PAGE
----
Main cast: Julia Wieniawa (Zosia Wolska), Michał Lupa (Julek Rosiejka), Wiktoria Gąsiewska (Aniela Turek), Stanisław Cywka (Bartek Sokołowski), Sebastian Dela (Daniel Czajka), and Gabriela Muskała (Iza)
Director: Bartosz M Kowalski
W lesie dziś nie zaśnie nikt is a Poland’s response to the world, that America doesn’t have the sole monopoly on cannibal hillbillies. Yes, it’s exactly what is said in the title, which translates to Nobody Sleeps in the Woods Tonight, as we have a bunch of people going into the woods and getting terrorized by two mutated cannibals.
Basically, we are at Adrenaline, a camp for kids that are sent there by parents that are fed up with these kids’ addiction to screen time. As it happens, tough camp counselor Iza gathers a few of these teens for a hike through the woods, and that’s when the fun begins. Unlike the usual incestuous cannibal hillbillies typical of films of this sort, the monsters in question are two deformed twin brothers that are made that way due to… I’m not sure, either infestation or contamination by some tar-like substance found in an asteroid piece that the two found when they were kids.
Now, let’s start with the good things. Despite its obvious not-so-abundant budget, the film can be gorgeous to look at. For example, during the obligatory sex scene of the usual teens that would eventually result in carnage and death—because, you know, having sex in these movies equals death—instead of some sleazily-shot scene like I’d expect in other movies of this nature, I get instead some almost arty-farty scene complete with beautiful lighting.
Also, the movie attempts to give the usual passel of teen cast some depths. The fat guy, for example, isn’t solely a comic punchline, as he’s also a trope-savvy fellow whose warnings are unfortunately ignored by everyone else. The blonde that puts out early on reveals that she is actually a lonely girl that tries to find succor in a string of sexual encounters, somewhat hoping that she’d eventually find happiness that way. The jerk of the cast reveals that he is a closeted gay guy that is overcompensating for his own fears and insecurities, while the very obvious final girl has a background full of tragedy and death. The last one is, somewhat ironically considering that she’s the final girl, the most stereotypical of these teens, and a part of me would have preferred the movie to subvert expectations and make the blonde the final girl instead.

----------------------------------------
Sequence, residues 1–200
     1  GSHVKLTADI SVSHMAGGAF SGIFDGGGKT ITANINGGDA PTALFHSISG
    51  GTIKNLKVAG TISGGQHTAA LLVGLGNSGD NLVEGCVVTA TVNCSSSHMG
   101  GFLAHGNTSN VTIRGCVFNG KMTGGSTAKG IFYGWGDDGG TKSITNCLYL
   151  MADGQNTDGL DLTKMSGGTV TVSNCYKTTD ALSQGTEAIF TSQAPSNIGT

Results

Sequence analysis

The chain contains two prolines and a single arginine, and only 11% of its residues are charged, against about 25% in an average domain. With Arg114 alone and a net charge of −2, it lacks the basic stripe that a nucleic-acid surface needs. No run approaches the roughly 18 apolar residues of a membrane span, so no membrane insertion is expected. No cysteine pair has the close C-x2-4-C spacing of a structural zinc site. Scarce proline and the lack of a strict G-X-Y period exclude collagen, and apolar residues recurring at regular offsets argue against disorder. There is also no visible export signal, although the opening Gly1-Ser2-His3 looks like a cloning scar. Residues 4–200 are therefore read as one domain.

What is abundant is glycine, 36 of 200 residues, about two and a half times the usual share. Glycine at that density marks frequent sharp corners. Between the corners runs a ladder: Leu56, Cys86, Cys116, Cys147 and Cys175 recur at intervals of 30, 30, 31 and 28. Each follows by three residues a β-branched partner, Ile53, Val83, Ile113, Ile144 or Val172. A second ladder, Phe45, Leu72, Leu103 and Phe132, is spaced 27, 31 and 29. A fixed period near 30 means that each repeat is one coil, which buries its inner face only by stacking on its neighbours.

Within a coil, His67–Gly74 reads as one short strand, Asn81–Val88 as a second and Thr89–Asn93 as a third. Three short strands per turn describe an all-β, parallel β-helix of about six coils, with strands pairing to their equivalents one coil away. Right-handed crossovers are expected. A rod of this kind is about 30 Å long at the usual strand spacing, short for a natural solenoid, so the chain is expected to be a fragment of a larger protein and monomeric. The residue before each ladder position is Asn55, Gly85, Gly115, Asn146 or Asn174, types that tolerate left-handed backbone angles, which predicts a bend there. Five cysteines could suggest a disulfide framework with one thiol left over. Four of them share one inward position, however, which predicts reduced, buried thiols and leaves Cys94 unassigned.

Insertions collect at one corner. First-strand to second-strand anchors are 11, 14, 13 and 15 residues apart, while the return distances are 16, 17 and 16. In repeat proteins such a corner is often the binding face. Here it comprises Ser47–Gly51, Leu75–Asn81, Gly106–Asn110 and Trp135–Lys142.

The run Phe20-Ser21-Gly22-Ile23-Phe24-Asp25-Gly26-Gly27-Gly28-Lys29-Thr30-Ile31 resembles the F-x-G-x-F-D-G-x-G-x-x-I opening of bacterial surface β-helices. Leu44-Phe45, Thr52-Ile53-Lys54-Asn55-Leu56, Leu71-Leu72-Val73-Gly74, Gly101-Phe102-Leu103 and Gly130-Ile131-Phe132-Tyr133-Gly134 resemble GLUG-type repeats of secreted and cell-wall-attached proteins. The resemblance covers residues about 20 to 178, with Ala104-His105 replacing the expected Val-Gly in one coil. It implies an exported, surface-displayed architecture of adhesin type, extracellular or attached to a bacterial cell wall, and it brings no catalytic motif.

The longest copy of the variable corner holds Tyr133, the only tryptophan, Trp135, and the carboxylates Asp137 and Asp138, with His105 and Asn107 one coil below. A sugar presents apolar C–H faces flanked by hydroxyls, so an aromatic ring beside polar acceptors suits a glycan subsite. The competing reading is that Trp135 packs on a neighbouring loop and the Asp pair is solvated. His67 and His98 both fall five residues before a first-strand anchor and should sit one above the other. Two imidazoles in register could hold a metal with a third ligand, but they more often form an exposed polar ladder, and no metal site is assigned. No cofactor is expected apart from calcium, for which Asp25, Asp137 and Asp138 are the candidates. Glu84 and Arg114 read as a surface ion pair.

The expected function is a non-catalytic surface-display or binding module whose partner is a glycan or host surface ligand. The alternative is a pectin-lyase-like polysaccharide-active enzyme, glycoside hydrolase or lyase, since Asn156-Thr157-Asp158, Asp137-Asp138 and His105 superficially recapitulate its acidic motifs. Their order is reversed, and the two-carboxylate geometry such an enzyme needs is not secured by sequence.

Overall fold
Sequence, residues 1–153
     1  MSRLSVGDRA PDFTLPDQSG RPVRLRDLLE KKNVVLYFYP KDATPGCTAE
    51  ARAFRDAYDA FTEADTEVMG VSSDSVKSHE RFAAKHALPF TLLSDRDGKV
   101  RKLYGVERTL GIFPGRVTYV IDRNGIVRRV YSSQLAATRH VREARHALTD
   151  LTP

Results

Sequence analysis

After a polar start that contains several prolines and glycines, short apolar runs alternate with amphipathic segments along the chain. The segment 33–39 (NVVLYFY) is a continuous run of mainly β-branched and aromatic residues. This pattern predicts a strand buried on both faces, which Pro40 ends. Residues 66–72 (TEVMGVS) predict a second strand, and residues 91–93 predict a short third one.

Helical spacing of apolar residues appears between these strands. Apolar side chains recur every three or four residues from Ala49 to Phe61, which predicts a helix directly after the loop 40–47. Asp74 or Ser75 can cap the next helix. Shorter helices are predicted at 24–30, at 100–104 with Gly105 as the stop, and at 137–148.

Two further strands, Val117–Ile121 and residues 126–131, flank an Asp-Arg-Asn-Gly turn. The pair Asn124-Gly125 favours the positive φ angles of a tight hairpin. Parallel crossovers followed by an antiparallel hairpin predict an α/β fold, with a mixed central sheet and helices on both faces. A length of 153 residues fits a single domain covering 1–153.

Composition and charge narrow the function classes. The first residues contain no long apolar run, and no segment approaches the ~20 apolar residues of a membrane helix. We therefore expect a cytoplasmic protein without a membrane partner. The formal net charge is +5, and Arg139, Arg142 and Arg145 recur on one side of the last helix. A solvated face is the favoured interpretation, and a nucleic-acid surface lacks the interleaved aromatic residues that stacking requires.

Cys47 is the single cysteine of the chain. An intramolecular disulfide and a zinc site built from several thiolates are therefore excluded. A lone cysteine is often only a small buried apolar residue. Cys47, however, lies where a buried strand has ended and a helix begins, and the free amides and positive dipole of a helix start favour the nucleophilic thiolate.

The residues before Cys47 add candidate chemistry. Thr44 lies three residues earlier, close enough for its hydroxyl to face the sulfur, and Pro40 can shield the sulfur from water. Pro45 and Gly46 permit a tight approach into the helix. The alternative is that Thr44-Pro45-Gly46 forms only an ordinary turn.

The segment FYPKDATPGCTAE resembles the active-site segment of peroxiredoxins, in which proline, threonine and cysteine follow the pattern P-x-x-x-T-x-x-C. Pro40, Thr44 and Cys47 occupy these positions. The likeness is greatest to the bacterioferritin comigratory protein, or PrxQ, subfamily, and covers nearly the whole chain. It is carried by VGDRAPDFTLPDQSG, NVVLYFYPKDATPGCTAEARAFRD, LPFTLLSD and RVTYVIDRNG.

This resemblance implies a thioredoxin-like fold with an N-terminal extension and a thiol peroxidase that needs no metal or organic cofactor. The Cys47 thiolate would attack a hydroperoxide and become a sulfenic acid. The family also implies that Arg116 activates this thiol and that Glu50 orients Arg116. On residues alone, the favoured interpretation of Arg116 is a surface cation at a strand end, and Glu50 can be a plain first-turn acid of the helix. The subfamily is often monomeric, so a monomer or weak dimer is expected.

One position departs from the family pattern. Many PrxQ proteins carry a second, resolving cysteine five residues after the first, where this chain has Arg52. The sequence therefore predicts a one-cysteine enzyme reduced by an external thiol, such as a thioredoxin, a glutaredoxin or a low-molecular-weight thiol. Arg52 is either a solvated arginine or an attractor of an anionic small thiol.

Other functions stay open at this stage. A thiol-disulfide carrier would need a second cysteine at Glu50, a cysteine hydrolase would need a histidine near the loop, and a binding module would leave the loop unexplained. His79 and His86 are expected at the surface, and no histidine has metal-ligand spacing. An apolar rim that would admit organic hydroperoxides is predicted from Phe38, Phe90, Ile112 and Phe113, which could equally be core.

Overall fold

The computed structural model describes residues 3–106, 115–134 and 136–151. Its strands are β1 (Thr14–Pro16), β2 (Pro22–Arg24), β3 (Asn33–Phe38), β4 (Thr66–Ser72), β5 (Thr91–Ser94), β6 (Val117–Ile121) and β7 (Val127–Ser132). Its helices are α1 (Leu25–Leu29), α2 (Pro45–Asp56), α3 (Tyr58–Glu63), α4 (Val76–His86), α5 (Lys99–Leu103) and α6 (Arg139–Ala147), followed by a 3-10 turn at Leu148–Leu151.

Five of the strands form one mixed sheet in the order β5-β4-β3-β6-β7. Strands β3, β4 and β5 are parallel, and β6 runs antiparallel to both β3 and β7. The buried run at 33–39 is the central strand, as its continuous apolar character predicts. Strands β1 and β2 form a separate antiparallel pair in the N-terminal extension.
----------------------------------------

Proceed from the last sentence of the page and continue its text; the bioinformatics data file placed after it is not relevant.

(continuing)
Unfortunately, such character development doesn’t quite work. It consists solely of the teen character launching into eye-rolling exposition, dumping a whole lot of angst on another character and the viewer, before getting killed eventually. These characters’ back stories matter little in the long run, as the movie does nothing with these characters beyond killing the most of them off unceremoniously to meet a kill count list. In order words, the movie will not change if these characters had zero background information, and the whole back story thing is just a transparent effort to get the audience to care for these characters before killing them off later. I can practically hear the director, who is also the co-screenwriter, going “Muahaha!” at these moments, and have to resist rolling up my eyes because, honestly, he is being a bit too obvious in his clumsy efforts to manipulate his audience’s emotions.
On to the main reason why people will want to watch this movie in the first place: the gore. Sadly, likely due to budget limitations, it seems like these folks focus mostly on one or two key gore scenes, leaving the rest of the scenes to be of the “cut off before they have to show the audience too much” nature. Even for the latter, the props involved, such as a decapitated head, are on the cheaply made and very obviously fake sort. As a result, it’s hard to feel genuine frightened at any point of this movie. Even the monsters are more adorable in a cute-ugly way than scary, as it’s pretty obvious that they are just two guys with various bits of rubber stuck all over them.
For this kind of movie to really work, one obvious option is to revel in camp and comedy to make up for the lack of scares. The thing is, this movie doesn’t seem to know whether it wants to be funny or serious. Mind you, this is a Polish movie, and I rely on subtitles to catch up with the conversations of the characters on the screen, so it is very likely that something got lost in translation.
Also, the movie blurs the line between homage and ripping off scenes from more established movie franchises in a way that can lift some eyebrows. The two monsters look like the butt babies of Victor Crowley and the movie version of Rawhead Rex, there are death scenes that, er, pay homage in a nearly frame by frame manner to those found in Friday the 13th and Halloween movies, and the abundance of clichés only make me think of those Wrong Turn movies. It’s hard to respect a movie that reminds me of very similar but more enjoyable movies I’d seen in the past.
That’s not to say that W lesie dziś nie zaśnie nikt is a terrible movie. It’s beautifully shot for the most part, and it pays homage, snort, to other slasher-hillbilly movies of this sort in a perfectly acceptable manner. It’s just that this movie is far better at making me want to rewatch those movies it closely resembles than being a movie in its own right.